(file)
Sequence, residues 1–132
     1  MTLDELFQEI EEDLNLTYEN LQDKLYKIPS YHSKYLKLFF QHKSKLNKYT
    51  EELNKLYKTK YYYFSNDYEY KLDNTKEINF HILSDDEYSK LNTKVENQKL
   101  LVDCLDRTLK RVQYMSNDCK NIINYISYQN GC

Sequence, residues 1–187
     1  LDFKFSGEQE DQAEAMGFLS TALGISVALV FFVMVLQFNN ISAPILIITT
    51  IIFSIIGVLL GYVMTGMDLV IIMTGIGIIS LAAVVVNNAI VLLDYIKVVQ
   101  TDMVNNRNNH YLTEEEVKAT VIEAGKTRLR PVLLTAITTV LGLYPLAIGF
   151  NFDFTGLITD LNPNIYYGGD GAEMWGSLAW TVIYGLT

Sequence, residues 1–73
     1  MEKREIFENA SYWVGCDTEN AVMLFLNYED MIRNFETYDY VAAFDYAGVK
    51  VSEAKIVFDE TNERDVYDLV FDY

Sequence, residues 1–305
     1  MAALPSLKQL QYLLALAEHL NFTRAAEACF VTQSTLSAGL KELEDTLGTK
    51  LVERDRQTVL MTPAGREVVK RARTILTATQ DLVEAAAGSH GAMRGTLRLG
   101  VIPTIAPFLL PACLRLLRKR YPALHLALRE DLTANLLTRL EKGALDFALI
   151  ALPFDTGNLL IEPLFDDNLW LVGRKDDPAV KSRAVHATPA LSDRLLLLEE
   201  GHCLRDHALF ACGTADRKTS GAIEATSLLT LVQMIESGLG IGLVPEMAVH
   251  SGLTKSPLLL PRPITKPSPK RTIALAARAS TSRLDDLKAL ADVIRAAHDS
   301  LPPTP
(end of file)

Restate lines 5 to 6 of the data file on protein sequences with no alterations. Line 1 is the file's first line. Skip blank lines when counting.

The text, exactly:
Sequence, residues 1–187
     1  LDFKFSGEQE DQAEAMGFLS TALGISVALV FFVMVLQFNN ISAPILIITT